Horses To Follow » Imperial Commander


No prizes for originality, but it really was difficult not to be taken with Imperial Commander’s performance in landing the Paddy Power Gold Cup at Cheltenham on Saturday. Everything about the performance smacked of quality. He had the pace to easily lie up with the leaders in the early stages, he travelled really well through the race, he jumped accurately, he had no difficulty taking it up and racing on his own from fully six fences out, he quickened around the home turn, it appeared that he quickened again after the last fence, and he stayed on really well up the hill all the way to the line.

Dig deeper, and it gets even better. The form of the race looks solid. All the evidence that we have suggests that runner-up Barbers Shop is high class, he was trained for the race and he was really well fancied by a stable that is in top form and that knows the time of day. He did everything right through the race, he jumped well, he was always in the perfect position, he was delivered at the right time, and yet Imperial Commander beat him well, probably with a fair bit more in hand than the two-and-a-half-length winning margin, with the pair of them clear of the third horse Private Be. Okay, so favourite Silverburn did not aid his cause by going down on his nose at the first and again at the second last, but it is highly unlikely that he would have finished better than third even with a clear round. Also, the time of the race was exceptional, by far the fastest comparative time on the day and almost 0.5secs/furlong faster than the Racing Post’s par. And the scary thing is that there is almost certainly more to come from Imperial Commander.

I remember when Imperial Commander made his racecourse debut in the bumper at the Cheltenham October meeting in 2006. Even then, he looked like an old-fashioned staying chaser in the making, yet judging by the market it wasn’t a surprise to connections that he won that race, beating last season’s Supreme Novices’ Hurdle third, Snap Tie, into second place. He was something of an under-achiever over hurdles, winning just once, but he was only biding his time over the smaller obstacles and he won his first two chases last season impressively – albeit both in small fields – before disappointing on his final run of the season in December behind Joe Lively. Trainer Nigel Twiston-Davies determined that he was suffering from growing pains, and decided to put him away and bring him back for Saturday’s race.

So where next? Anywhere, is the answer. The sky is the limit. As well as giving an indication of his ability, Saturday’s race also told us that Imperial Commander can race over fences in a big field, which we didn’t know before Saturday. I was surprised when Twiston-Davies said that he would skip the Hennessy. He would have carried a 5lb penalty in the Hennessy instead of the extra 13lb by which he has been raised by the handicapper, and he would have been a 9/4 or 5/2 shot on the day. That said, it is encouraging that the trainer is intent on allowing him more time to recover from his exertions last Saturday, and intending to bring him back to Cheltenham for the Boylesports Gold Cup on December 13th. That race is also the intended target for Barbers Shop, who has been raised 8lb. Can Nicky Henderson’s horse gain his revenge on 5lb better terms? It’s possible. He is only six and at least as progressive as Imperial Commander. The betting on that contest will be interesting.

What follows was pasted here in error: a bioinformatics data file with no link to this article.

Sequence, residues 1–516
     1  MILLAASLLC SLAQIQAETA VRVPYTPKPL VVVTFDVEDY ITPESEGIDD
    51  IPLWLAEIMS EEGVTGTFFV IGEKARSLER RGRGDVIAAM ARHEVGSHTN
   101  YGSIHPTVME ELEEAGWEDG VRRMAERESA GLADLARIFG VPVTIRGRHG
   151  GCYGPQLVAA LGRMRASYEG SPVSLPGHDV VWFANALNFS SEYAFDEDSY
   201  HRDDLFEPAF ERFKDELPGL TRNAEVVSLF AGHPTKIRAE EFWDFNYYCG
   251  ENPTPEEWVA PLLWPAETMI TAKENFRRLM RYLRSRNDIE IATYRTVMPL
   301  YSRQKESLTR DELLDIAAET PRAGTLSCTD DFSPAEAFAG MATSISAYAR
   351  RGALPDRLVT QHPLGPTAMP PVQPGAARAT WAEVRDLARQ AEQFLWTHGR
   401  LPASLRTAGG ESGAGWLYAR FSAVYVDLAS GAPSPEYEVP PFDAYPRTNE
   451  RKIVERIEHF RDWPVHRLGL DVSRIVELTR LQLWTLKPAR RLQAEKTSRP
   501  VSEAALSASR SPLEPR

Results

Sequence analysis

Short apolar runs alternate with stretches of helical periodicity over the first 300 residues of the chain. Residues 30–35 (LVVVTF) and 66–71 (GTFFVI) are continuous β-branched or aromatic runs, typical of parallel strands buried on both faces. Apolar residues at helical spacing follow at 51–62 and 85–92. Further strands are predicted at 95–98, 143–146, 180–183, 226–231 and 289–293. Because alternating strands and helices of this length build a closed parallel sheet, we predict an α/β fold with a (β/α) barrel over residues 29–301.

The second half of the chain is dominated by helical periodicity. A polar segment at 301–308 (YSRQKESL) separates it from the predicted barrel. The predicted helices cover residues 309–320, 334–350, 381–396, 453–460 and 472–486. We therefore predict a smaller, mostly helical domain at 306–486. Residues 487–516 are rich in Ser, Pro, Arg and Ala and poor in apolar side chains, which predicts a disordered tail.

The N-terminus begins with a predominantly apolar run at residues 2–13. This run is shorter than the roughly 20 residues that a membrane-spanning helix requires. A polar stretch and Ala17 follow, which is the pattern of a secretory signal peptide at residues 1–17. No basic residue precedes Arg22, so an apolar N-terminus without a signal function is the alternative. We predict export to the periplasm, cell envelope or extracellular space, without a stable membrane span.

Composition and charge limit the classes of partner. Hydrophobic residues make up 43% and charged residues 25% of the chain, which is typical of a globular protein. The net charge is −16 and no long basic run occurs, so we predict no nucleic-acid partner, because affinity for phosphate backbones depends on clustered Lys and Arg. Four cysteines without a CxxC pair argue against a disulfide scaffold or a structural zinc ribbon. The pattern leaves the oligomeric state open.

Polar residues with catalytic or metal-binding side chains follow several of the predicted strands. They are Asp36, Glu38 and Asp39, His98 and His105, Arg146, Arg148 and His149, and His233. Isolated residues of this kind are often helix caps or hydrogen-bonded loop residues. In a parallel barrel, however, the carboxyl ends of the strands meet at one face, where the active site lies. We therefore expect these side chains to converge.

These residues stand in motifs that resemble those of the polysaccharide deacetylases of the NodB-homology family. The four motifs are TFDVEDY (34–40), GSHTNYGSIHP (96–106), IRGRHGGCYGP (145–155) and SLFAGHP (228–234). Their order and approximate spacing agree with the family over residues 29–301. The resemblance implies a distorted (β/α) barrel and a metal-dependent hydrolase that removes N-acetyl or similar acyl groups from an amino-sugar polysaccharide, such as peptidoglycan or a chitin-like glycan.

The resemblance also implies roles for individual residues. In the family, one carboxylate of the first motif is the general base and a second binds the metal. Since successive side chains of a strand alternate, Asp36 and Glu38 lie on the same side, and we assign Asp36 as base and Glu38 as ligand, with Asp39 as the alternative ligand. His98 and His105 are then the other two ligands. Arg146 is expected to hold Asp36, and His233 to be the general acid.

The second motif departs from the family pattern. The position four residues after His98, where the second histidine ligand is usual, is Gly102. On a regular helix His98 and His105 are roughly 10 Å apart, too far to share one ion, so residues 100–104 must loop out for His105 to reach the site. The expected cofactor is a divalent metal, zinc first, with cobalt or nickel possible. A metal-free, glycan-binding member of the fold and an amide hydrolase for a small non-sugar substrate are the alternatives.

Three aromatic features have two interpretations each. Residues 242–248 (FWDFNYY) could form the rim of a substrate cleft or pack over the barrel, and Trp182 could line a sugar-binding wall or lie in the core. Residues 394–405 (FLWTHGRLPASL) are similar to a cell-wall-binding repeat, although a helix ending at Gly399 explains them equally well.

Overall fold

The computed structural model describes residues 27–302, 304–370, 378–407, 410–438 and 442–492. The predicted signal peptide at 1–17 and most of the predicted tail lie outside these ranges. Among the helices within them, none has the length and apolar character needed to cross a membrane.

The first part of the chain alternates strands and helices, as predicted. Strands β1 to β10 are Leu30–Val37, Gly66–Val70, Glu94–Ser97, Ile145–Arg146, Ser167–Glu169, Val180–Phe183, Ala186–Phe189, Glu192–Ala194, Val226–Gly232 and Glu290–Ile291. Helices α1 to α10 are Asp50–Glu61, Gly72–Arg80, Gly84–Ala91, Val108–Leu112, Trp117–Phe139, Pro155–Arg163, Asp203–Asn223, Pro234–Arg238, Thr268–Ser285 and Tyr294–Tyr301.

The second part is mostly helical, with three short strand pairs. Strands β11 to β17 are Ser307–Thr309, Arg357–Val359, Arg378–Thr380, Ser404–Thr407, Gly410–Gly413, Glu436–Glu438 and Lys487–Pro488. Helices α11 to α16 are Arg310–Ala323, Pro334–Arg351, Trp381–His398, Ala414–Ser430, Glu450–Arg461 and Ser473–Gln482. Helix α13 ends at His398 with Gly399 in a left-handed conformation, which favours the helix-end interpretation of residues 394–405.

But it is probable that we will not see the best of Imperial Commander until he steps up in trip. He looks like a staying chaser and he is bred for stamina, by Flemensfirth out of a Le Moss mare. He is an interesting entry in the King George. That could be a really hot race this year, with Kauto Star, Tidal Bay and Voy Por Ustedes all probables for it at this stage, but best odds of 20/1 about Imperial Commander are still interesting. However, the 33/1 that is available about him now for the Gold Cup is even more interesting.

The top of the Gold Cup market is looking decidedly porous at present. Imperial Commander has to improve by about two stone on official ratings if he is to win a Gold Cup, but that is more than possible given how progressive his profile is. He will be only eight years old next March and he has raced over fences just four times now. There is every chance that he will improve further for stepping up in distance, yet we know that he has gears, and he is three for four over fences at Cheltenham. He is almost certain to run in the race if his trainer thinks that he is up to winning it – there is unlikely to be the much-touted Ryanair option unless he is a definite non-stayer by then – and he looks well over-priced now at 33/1.

© The Irish Field, 19th November, 2008